One of the most celebrated war correspondents of our time, Marie Colvin is an utterly fearless and rebellious spirit, driven to the frontline of conflicts across the globe to give voice to the voiceless.
Set in contemporary Chicago, amid a time of turmoil, four women with nothing in common except a debt left behind by their dead husbands' criminal activities, take fate into their own hands, and conspire to forge a future on their own terms.
The film follows the 2000 K-141 Kursk submarine disaster and the governmental negligence that followed. As the sailors fight for survival, their families desperately battle political obstacles and impossible odds to save them.
In 1941, a 16 year-old aspiring artist and her family are deported to Siberia amidst Stalin's brutal dismantling of the Baltic region. One girl's passion for art and her never-ending hope will break the silence of history.
This police/court room drama is based on actual information on Dr. Kermit Gosnell (played by Earl Billings) who for decades ran a Philadelphia inner-city abortion clinic. In 2010, Philadelphia Police Detectives Wood (Dean Cain) and Stark (Alfonzo Rachel), with DEA and FBI agents, raid the clinic for evidence of illegal prescription drug sales. They are shocked by the clinic's filthy conditions, bags of aborted fetuses in hallways, and fetal body parts stored in a refrigerator. Interviewing clinic workers, they learn: patients are given anesthesia by untrained assistants; one patient died on the operating table from an anesthesia overdose; abortions were performed on babies older than 24 weeks; and some babies were delivered alive, after which Dr. Gosnell cut their spinal cord with scissors. The detectives take the bagged bodies to the coroner and bring the situation to the attention of DA Dan Molinari (Michael Beach). An Assistant DA (Sara Jane Morris) agrees to prosecute the murder ...Written by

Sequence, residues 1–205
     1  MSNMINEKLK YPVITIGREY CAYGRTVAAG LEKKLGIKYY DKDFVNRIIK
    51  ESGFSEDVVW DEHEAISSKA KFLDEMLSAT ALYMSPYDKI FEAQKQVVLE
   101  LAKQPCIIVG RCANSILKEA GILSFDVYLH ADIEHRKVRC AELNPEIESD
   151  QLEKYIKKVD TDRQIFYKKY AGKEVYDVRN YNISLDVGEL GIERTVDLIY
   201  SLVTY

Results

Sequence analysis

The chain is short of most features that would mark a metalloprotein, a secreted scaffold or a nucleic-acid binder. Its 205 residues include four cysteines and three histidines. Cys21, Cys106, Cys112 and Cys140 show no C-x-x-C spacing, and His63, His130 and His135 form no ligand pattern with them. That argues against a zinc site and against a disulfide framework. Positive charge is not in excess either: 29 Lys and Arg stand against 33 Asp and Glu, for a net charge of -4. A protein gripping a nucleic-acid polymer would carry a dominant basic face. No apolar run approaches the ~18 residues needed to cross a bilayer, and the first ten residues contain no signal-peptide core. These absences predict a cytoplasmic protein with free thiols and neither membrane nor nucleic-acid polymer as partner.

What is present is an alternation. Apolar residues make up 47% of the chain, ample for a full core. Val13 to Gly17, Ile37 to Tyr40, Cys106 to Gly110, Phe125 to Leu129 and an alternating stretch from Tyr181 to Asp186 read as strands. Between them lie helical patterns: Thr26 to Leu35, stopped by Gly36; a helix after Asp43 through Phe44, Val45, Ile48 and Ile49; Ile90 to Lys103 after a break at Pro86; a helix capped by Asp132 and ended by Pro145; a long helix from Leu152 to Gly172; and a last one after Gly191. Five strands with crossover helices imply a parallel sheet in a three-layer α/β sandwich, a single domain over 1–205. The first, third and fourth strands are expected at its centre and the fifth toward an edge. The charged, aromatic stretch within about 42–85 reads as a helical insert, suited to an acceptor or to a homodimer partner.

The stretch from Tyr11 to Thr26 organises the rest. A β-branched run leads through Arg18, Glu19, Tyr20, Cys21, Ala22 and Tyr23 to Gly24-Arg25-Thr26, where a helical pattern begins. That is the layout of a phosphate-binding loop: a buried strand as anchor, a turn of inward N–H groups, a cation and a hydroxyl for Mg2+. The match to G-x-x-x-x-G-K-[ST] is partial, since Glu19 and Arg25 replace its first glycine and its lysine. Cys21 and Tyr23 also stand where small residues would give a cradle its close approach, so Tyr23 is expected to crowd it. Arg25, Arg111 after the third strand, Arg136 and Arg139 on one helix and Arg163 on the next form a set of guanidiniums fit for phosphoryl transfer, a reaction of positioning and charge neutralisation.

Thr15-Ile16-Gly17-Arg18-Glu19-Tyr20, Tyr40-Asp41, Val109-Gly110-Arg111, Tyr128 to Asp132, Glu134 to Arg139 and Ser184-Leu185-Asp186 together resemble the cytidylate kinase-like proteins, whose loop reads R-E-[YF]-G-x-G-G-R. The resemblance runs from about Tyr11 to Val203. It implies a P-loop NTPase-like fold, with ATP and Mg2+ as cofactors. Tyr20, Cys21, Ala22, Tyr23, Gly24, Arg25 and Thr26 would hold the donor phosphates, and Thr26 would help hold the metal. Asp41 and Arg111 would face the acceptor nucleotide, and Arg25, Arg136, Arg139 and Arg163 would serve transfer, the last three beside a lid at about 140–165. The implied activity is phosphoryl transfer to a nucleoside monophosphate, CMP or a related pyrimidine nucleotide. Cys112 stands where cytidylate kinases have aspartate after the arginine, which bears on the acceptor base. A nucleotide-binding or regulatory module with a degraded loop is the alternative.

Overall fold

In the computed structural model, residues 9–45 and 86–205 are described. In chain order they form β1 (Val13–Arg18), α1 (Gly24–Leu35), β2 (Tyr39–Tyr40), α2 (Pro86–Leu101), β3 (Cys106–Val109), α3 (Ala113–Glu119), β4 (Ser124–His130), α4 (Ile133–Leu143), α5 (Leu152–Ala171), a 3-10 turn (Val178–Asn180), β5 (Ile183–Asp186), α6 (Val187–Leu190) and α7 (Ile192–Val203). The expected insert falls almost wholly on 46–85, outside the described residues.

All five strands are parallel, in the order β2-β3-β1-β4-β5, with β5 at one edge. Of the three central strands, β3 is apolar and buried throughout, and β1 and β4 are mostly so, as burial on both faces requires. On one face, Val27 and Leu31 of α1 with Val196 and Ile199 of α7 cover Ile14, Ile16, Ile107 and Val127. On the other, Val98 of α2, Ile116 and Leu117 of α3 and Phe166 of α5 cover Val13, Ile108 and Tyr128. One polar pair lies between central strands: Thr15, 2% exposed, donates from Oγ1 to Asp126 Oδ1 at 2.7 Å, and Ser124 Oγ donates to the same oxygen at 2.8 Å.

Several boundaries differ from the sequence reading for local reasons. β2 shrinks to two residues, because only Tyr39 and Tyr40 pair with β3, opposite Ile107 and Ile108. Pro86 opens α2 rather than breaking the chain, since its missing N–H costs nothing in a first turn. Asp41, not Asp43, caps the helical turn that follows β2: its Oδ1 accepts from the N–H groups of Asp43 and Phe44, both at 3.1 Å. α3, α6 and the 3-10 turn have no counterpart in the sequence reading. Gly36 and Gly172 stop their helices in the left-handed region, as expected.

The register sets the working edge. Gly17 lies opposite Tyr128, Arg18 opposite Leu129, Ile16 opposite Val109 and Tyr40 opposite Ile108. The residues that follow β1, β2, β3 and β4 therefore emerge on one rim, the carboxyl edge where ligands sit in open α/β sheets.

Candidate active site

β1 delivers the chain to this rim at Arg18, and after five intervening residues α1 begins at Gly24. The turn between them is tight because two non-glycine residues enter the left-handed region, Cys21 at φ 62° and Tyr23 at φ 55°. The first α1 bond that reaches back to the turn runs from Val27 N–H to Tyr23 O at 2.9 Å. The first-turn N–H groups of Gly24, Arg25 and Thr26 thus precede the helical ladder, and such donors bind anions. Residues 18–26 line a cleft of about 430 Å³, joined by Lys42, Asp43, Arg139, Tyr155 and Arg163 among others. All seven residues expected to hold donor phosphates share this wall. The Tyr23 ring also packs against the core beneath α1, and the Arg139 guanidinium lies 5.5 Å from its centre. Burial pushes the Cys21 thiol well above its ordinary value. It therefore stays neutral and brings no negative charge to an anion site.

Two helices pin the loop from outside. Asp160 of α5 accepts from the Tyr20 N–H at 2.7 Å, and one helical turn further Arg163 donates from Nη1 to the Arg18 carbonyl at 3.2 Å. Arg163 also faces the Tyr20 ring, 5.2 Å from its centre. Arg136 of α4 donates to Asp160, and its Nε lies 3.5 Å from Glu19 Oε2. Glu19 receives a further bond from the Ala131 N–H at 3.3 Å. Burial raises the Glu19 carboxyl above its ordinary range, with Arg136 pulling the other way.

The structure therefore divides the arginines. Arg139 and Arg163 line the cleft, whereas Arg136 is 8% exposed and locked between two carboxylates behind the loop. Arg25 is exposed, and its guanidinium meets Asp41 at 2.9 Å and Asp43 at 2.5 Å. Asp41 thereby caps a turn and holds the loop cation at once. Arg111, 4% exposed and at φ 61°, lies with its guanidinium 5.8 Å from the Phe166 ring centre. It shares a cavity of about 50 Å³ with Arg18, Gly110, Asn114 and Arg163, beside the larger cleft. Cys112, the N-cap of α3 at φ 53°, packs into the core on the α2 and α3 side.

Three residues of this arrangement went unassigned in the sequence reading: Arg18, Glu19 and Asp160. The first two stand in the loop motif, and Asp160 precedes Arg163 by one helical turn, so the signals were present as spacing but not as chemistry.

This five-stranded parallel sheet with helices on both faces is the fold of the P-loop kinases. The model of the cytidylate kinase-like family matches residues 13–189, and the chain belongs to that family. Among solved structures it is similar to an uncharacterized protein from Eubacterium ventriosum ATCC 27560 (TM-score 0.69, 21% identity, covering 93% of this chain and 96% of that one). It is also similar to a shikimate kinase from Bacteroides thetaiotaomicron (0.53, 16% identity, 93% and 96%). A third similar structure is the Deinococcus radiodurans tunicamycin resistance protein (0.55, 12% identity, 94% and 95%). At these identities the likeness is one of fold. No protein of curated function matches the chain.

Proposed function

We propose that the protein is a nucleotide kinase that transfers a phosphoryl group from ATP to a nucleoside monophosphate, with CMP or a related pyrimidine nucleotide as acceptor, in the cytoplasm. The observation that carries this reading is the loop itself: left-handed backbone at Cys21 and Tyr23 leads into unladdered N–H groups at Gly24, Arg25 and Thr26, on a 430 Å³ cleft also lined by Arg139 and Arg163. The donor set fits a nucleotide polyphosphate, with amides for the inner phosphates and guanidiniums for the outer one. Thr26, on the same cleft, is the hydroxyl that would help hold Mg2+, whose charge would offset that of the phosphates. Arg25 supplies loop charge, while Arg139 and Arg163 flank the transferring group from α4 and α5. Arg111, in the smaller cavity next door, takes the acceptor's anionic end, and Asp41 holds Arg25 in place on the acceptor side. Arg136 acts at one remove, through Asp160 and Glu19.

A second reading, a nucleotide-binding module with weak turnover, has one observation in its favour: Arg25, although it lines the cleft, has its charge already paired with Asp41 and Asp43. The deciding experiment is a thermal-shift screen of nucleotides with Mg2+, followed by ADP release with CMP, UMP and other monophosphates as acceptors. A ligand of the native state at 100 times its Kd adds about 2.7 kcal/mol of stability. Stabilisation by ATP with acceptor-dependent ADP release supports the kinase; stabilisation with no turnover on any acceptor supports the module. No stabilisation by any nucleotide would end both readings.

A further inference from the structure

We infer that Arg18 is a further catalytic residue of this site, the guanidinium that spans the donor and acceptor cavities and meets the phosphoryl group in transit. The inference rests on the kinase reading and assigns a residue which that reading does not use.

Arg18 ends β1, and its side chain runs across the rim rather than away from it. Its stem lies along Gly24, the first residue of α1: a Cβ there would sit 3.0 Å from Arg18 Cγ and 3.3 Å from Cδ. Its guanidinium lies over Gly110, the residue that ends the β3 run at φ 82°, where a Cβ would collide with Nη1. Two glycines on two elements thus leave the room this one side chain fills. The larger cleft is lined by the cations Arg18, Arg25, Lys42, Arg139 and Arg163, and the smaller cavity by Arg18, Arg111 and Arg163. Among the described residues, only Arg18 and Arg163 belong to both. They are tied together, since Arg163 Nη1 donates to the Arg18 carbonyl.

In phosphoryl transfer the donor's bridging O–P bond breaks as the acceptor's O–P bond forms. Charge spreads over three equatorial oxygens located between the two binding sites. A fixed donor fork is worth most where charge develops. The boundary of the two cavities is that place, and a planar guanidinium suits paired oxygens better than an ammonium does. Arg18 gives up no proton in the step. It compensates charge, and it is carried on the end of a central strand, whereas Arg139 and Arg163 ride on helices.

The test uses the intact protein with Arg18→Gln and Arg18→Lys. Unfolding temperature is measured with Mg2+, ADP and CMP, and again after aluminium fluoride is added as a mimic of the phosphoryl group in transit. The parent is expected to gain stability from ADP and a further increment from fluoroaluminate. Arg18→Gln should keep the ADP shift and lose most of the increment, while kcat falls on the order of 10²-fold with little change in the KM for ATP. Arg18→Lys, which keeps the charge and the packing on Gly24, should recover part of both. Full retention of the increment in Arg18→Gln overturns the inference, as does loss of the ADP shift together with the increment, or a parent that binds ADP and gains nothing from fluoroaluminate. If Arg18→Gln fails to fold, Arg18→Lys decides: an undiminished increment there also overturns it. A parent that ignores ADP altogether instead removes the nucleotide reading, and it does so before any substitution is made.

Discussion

The City of Philadelphia cremated the 47 fetal and infant remains found at Gosnell's clinic. On September 12, 2013, the cremains were buried in an unmarked grave at Laurel Hill Cemetery. See more »
The photo of "Baby Boy A" was not uncovered during the trial after pressing an employee to do the right thing. The Grand Jury report noted: "FBI Agent Huff testified that Adrienne Moton gave him consent to search her cell phone for the photograph that she took. The FBI lab was able to find the picture on cell phone; we saw this photograph, introduced as Exhibit 57. " See more »
[after Karnamaya Monger's abortion]
Doctor she don't look good, she a funny color.
Doc had the crash cart brought down from the 3rd floor but the paddles were broke.
Well, I am just THRILLED that we kept this equipment up to date!
Okay, plug in that oximeter.
Doc, that oximeter don't work.
Well plug it in anyway! And uh... throw away that expired medication. And let's clean up the floor. We only get one chance to make a good first impression.
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During the credits, photos are displayed showing the real Kermit Gosnell and Karnamaya Mongar, photos taken by law enforcement inside Gosnell's clinic and house, two of the turtles removed from the clinic, and video of Gosnell playing classical music on the piano while the police were searching his house. See more »
Much of the film taken from actual witness and trial transcripts. I thought it was very well done. The "pro-choice" prosecutor wasn't intending to make a case against abortion--people can claim the film has a "pro-life" agenda but it's easy to see it doesn't. The only side that made it about abortion was the doctor's defense. A good movie in terms of acting, filmmaking, pacing, and a solid storyline.
It's a tough subject, but no gory pictures. Teens and up should have no issues seeing this movie.
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